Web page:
Friday, July 18, 2008

The Apprentice of Japanese Haute Cuisine - Kappo Seafood

While Sushi continues to dominate in popularity around the world, one of the most respected cuisines in Japan remains relatively hidden (outside of its native country), even to this day. Kaiseki cuisine has been labeled Japan's version of Haute cuisine, similar to a very elaborate, focused Chef's Tasting Menu, where course-by-course comes out of the kitchen, with each course completely focused on the Art of Food, the Art of Presentation, and the Art of Meaning, amongst other things.

It's also a celebration of the season that you partake the course in and a brilliant illustration of a Chef's skills. Kaiseki is what drives Spago's Executive Chef Lee Hefter to visit Japan when he can, to learn, study and draw inspiration from.

Having been lucky enough to visit Tokyo's Michelin 2 Star rated Ryugin a few months ago (an amazing restaurant focused on "Modern Kaiseki"), as well as one of Kyoto's top Traditional Kaiseki restaurants - the 300+ year-old(!), 14th Generation-run Hyotei - I would've never thought that the Kaiseki experience could be found in Southern California. (On a side note, Urasawa is something I liken more to a hybrid Kaiseki experience, not really following the traditional layout of Kaiseki, but creating something new and wonderfully unique to Chef Urasawa.) So when I heard that Kappo Seafood in Torrance, California was serving a traditional Kaiseki meal, I was intrigued and invited a fellow Japanese Cuisine Hound to see what Kappo Seafood had to offer.


Perusing their menu, Kappo Seafood sports a massive selection of different menu items, from Sushi and Sashimi offerings, to a variety of Salads, plenty of Appetizers (commonly found in more upscale Izakayas and Kappo restaurants), Noodles, Rice dishes like Zosui, Pan Fried, Deep Fried, Grilled Items, and a variety of Combination Dinners that are pseudo-Kaiseki style. We opted for their Omakase Kaiseki (Chef's Choice Kaiseki course) and awaited the experience.

Kaiseki restaurants in Japan are usually defined by the pursuit of perfection in Presentation, refined Taste, world-class Service, and in some instances, a beautiful Environment to enjoy it all (e.g., Hyotei). Kappo Seafood wouldn't be able to replicate the amazing setting I had at a place like Hyotei (very few places could), but it actually had a decently nice interior and decor.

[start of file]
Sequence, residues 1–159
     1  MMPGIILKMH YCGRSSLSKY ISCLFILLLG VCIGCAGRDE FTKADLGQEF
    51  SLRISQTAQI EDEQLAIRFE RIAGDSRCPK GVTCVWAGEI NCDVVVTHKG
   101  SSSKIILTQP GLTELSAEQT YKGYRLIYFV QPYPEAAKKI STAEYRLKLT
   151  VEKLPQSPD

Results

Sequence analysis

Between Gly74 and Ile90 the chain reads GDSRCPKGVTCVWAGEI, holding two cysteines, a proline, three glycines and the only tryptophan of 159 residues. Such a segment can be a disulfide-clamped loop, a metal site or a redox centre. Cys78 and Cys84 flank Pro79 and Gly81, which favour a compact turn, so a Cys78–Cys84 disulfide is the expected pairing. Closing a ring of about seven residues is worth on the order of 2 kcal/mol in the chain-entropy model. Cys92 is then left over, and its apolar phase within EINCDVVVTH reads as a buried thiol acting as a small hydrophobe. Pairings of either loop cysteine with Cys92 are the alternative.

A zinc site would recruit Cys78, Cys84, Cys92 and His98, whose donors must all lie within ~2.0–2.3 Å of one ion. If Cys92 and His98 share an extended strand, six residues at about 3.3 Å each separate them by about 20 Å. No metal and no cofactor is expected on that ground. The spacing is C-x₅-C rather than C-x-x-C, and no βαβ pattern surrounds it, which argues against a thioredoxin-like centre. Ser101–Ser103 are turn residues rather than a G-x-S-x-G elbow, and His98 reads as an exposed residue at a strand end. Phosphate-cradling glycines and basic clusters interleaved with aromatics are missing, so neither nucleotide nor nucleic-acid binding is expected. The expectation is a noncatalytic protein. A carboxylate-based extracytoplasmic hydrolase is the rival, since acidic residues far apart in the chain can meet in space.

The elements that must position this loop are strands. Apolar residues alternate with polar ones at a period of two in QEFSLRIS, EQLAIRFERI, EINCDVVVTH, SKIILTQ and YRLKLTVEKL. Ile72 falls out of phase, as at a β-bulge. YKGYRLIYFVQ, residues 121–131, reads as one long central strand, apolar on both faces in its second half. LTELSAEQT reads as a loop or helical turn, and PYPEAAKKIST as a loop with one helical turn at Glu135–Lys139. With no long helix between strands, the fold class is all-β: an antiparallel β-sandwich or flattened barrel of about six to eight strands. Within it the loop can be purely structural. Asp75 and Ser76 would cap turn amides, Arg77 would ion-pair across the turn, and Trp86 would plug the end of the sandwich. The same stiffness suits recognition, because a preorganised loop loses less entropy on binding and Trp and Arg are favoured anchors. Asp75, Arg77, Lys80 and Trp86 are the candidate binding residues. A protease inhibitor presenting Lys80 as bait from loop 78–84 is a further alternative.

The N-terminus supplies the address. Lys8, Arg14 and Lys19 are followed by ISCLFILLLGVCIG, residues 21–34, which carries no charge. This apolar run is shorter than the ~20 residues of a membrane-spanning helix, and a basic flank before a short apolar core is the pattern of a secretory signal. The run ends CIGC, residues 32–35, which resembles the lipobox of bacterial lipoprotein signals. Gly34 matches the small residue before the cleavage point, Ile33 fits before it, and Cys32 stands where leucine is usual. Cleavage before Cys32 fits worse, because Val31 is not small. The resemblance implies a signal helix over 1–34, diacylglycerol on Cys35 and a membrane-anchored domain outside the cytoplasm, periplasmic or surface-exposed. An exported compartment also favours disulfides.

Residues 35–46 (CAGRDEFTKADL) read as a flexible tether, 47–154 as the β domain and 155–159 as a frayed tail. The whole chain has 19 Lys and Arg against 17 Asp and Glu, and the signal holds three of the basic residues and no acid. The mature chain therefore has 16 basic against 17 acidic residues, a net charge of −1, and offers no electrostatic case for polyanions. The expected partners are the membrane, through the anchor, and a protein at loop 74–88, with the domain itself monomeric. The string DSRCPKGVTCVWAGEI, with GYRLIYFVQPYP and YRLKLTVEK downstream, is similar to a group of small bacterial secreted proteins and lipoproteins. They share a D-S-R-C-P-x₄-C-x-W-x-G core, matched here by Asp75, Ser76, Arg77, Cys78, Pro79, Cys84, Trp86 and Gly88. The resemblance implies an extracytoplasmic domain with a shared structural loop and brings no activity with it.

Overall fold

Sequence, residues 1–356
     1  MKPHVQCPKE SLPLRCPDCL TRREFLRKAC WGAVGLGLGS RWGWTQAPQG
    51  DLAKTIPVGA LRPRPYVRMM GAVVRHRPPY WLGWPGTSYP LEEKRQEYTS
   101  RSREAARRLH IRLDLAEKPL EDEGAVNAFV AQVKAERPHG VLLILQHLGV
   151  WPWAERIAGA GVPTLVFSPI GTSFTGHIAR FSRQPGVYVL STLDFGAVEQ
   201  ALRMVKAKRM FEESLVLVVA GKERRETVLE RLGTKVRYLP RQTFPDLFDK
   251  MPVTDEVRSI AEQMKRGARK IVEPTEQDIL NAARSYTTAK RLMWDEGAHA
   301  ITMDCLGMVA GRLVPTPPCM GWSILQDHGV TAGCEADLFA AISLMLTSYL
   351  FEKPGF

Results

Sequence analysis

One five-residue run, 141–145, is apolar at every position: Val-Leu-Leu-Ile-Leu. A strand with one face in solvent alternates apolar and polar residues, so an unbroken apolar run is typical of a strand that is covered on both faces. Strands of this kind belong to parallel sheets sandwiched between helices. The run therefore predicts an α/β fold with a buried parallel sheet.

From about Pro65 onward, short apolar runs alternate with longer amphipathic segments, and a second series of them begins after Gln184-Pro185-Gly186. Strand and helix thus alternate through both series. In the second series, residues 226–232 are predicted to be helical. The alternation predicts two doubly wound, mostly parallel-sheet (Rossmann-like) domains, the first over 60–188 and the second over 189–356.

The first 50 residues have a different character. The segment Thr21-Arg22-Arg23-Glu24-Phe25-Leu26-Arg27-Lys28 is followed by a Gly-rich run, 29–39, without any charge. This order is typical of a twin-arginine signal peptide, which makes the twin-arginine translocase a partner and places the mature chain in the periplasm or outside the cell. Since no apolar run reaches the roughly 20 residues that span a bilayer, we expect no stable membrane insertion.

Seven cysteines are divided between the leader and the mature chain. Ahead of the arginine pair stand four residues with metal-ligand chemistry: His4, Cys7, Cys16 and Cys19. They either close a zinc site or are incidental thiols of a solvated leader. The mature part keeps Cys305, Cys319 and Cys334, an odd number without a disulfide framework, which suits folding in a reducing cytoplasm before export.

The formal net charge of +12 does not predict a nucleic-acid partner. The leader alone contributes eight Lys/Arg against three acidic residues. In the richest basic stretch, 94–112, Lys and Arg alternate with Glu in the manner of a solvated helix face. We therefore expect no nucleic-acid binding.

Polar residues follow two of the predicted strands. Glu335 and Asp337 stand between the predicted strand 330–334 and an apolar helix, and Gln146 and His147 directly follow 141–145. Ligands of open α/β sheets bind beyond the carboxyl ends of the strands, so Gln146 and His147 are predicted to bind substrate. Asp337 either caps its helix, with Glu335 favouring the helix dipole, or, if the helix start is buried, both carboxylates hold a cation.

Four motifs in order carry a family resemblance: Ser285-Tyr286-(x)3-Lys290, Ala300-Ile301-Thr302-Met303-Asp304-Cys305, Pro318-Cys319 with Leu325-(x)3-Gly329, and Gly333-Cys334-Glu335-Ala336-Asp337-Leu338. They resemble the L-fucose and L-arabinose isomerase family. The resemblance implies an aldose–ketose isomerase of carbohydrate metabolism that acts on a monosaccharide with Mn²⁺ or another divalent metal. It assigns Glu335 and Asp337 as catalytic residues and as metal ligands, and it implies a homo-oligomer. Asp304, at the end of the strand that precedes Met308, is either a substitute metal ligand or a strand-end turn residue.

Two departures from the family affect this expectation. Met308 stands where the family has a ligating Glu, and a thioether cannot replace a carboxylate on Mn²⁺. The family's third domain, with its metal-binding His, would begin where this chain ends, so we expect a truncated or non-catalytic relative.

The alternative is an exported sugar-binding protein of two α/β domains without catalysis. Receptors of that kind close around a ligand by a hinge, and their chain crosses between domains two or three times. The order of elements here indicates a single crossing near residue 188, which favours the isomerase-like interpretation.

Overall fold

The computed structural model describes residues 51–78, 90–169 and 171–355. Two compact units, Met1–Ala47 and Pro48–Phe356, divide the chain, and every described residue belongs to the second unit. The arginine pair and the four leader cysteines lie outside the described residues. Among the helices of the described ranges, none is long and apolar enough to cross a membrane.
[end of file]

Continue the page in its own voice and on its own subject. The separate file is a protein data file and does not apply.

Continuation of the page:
We began with an Amuse Bouche (Sakitsuke) of Ichijiku Yo~guruto (Fig Yogurt). It was a strange opening for a Kaiseki, but it was very tasty: The Figs were marinated in a sweet solution, and combined really nicely with the Yogurt and Radish, but it was odd to open the dinner with something that felt more like dessert.



Next up was the Zensai (Appetizer) of 5 items: Aodake Tofu (Cold Tofu), Murasaki Imo No Mentaiko Mayone~zu (Boiled Purple Potato dressed with Spicy Cod Roe and Mayo Sauce), Unagi Kimo Shigure Ni (Seasoned Eel Liver), Kamo Ro~su (Seasoned Duck Breast Meat), and Shime Saba Yakime Zushi (Slightly Baked Marinated Mackerel Sushi).


It was decently plated, with the plating itself being a simple, sleek-looking dark plate. We began with the Aodake Tofu (Cold Tofu), which was some fresh Tofu, chilled, and simply presented with some Negi (Green Onions) a touch of Umi no Shio (Sea Salt) in a Bamboo container. After having super-fresh, homemade Tofu and Yuba in Kyoto, it was hard to get excited by this Tofu which tasted fine, just not to the level I had at Komameya.


We then continued with the Murasaki Imo No Mentaiko Mayone~zu (Boiled Purple Potato dressed with Spicy Cod Roe and Mayo Sauce). This was a striking visual, using the natural purple color from the Murasaki Imo to draw the customer's eye. It was simple in taste, with the spiciness of the Cod Roe being lost and dulled by the Mayonnaise Sauce.